What to do when a sexual harasser uses employment or contract work as leverage

Q: Soon after I landed an entry-level job with a major Anchorage employer, a senior member of their team sent me sexually suggestive texts. I did nothing to solicit these texts and they shocked and scared me. I told my supervisor, who alerted human resources. Human resources investigated, but nothing ever happened.

After several months, I resigned and now work for a consulting firm and one of our largest clients is my former employer. I've been put on the project and this means I'll have to interact with this man.

I've decided to take the high road, and although I've briefed my project manager and our HR officer, I plan to treat this man professionally and as if we have no past. He's never been inappropriate in person, just in text. I'd prefer he didn't text or contact me except with work-related email, and have told him this multiple times. Unfortunately, he still texts me.

Also, I've found out he's engaged in similar behavior with at least three other women in my field, including someone at my current company. He calls her several times a week, and she fears that if she blocks his calls, he'll retaliate against our company with trumped up complaints. So, though his calls make her uncomfortable, she takes them and just ends them as quickly as she politely can.

Allegedly, his past work experiences include punching a wall in front of a woman. I've heard his current employer turned a blind eye to these rumors and plans to ignore the problem.

Our company can't afford to fire this client. How do we manage this? I'm worried my co-worker or I may wind up in a bad situation if we continue to interact with him, but neither of us sees any other choice.

A: The behavior you describe sounds both creepy and obsessive. Your initial employer did the right thing by investigating, however, they should have told you the investigation's outcome, even if they didn't tell you the discipline they administered.


Meanwhile, your employer needs to protect you and your co-worker. "Employers have a duty, based on case law," says attorney-turned-HR-consultant Rick Birdsall, "to maintain a workplace environment free of sexual harassment. Failure to address such issues creates employer liability. Employers need to realize that the 'environment' extends beyond the physical workplace and includes all participants in the environment, including outside contractors, vendors and others who interact with an employer's employees." For this reason, restaurants and retailers note that they have the right to refuse to serve problem customers.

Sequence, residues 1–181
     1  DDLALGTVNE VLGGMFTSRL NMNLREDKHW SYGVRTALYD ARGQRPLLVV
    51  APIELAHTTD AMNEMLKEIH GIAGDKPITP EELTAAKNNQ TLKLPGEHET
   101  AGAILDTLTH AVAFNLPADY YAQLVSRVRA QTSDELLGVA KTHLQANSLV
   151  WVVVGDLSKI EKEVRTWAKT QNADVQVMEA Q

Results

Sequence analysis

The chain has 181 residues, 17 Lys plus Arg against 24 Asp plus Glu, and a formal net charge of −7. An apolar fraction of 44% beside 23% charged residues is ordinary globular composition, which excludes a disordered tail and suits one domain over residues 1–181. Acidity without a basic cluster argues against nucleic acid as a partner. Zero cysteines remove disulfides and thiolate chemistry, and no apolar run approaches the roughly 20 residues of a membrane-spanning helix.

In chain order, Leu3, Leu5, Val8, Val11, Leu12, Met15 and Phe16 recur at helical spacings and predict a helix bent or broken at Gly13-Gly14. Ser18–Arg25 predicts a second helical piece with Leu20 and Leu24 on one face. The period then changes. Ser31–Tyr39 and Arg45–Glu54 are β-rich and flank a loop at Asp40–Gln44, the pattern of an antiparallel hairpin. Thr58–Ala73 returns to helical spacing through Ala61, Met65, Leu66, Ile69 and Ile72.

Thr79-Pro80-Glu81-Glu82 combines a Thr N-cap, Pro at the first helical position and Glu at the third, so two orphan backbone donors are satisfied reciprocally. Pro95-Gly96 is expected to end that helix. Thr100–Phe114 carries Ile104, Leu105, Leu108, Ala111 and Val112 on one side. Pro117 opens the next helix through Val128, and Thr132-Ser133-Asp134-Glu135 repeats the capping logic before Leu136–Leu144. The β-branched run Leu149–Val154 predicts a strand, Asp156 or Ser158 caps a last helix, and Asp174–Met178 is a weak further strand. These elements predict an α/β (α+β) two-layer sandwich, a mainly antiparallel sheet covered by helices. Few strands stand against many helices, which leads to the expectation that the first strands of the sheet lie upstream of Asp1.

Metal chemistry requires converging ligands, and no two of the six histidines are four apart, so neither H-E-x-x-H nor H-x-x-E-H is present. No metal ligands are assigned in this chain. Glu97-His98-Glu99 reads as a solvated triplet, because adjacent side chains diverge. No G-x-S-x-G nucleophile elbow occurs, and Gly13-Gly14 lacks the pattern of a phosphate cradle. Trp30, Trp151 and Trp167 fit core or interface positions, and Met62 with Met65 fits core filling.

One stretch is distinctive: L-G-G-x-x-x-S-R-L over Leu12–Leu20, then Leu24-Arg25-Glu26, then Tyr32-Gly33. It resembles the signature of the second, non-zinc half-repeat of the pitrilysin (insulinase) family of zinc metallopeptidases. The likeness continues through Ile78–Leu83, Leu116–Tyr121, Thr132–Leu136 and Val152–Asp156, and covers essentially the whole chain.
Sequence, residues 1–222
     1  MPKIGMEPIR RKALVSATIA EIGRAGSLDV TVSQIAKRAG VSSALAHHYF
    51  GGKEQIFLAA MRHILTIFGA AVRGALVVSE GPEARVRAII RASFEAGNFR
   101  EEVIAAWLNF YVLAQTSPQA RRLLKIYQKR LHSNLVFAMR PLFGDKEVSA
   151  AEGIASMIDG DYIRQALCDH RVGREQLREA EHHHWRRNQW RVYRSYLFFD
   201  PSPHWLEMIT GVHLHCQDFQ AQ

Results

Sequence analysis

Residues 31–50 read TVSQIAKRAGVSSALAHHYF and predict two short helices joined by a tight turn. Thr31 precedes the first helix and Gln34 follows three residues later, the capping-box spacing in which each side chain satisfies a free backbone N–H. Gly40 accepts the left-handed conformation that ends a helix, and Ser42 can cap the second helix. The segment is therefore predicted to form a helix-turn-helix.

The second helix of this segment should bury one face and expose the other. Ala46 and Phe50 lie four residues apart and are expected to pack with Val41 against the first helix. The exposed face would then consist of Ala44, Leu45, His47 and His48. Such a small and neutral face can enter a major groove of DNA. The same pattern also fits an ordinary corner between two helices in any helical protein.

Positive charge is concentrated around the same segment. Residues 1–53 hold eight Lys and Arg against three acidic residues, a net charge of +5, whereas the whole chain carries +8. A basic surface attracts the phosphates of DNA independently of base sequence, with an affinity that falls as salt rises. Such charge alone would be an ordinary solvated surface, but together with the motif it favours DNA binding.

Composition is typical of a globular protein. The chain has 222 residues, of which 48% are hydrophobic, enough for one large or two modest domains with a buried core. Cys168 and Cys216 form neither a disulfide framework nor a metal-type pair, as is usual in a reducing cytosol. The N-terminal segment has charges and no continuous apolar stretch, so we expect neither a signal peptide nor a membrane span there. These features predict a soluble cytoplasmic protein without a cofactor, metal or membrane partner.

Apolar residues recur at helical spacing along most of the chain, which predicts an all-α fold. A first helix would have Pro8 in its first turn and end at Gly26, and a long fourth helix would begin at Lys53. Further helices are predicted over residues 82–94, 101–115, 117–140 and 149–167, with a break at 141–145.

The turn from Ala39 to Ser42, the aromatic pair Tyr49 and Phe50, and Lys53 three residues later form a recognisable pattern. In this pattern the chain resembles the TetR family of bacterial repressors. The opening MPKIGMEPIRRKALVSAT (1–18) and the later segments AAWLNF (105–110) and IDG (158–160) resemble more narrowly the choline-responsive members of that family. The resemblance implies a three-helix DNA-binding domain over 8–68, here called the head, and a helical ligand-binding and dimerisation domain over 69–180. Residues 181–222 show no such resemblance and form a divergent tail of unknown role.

You're correct that when a small business relies on client revenue and the potential harasser holds a key position in the client company, this becomes more challenging. In similar situations when our company has served small professional services firms as their "HR on-call" vendor, we've discretely contacted the CEO or HR officer at the client company and let them know that they employ a ticking time bomb. In every case, if we can prove what we allege, the client company takes care of the situation. If they don't, and if their problem individual later creates an internal problem after we've put them on notice, they face extreme liability.

Here's what your company needs to handle this for you. If you have the texts, print and provide them as evidence. During the work day, be polite, however neither you nor your co-worker need to take this man's calls after hours. Further, make sure nothing you or your co-worker do signals that you consent to this man's unwanted attention. Know that the more often he contacts you, the more evidence he gives you. Neither of you need to take calls after hours. Finally, don't wait too long to act.

Lynne Curry | Alaska Workplace

Lynne Curry writes a weekly column on workplace issues. She is author of “Navigating Conflict,” “Managing for Accountability,” “Beating the Workplace Bully" and “Solutions,” and Submit questions at or follow her on, or @lynnecurry10 on X/Twitter.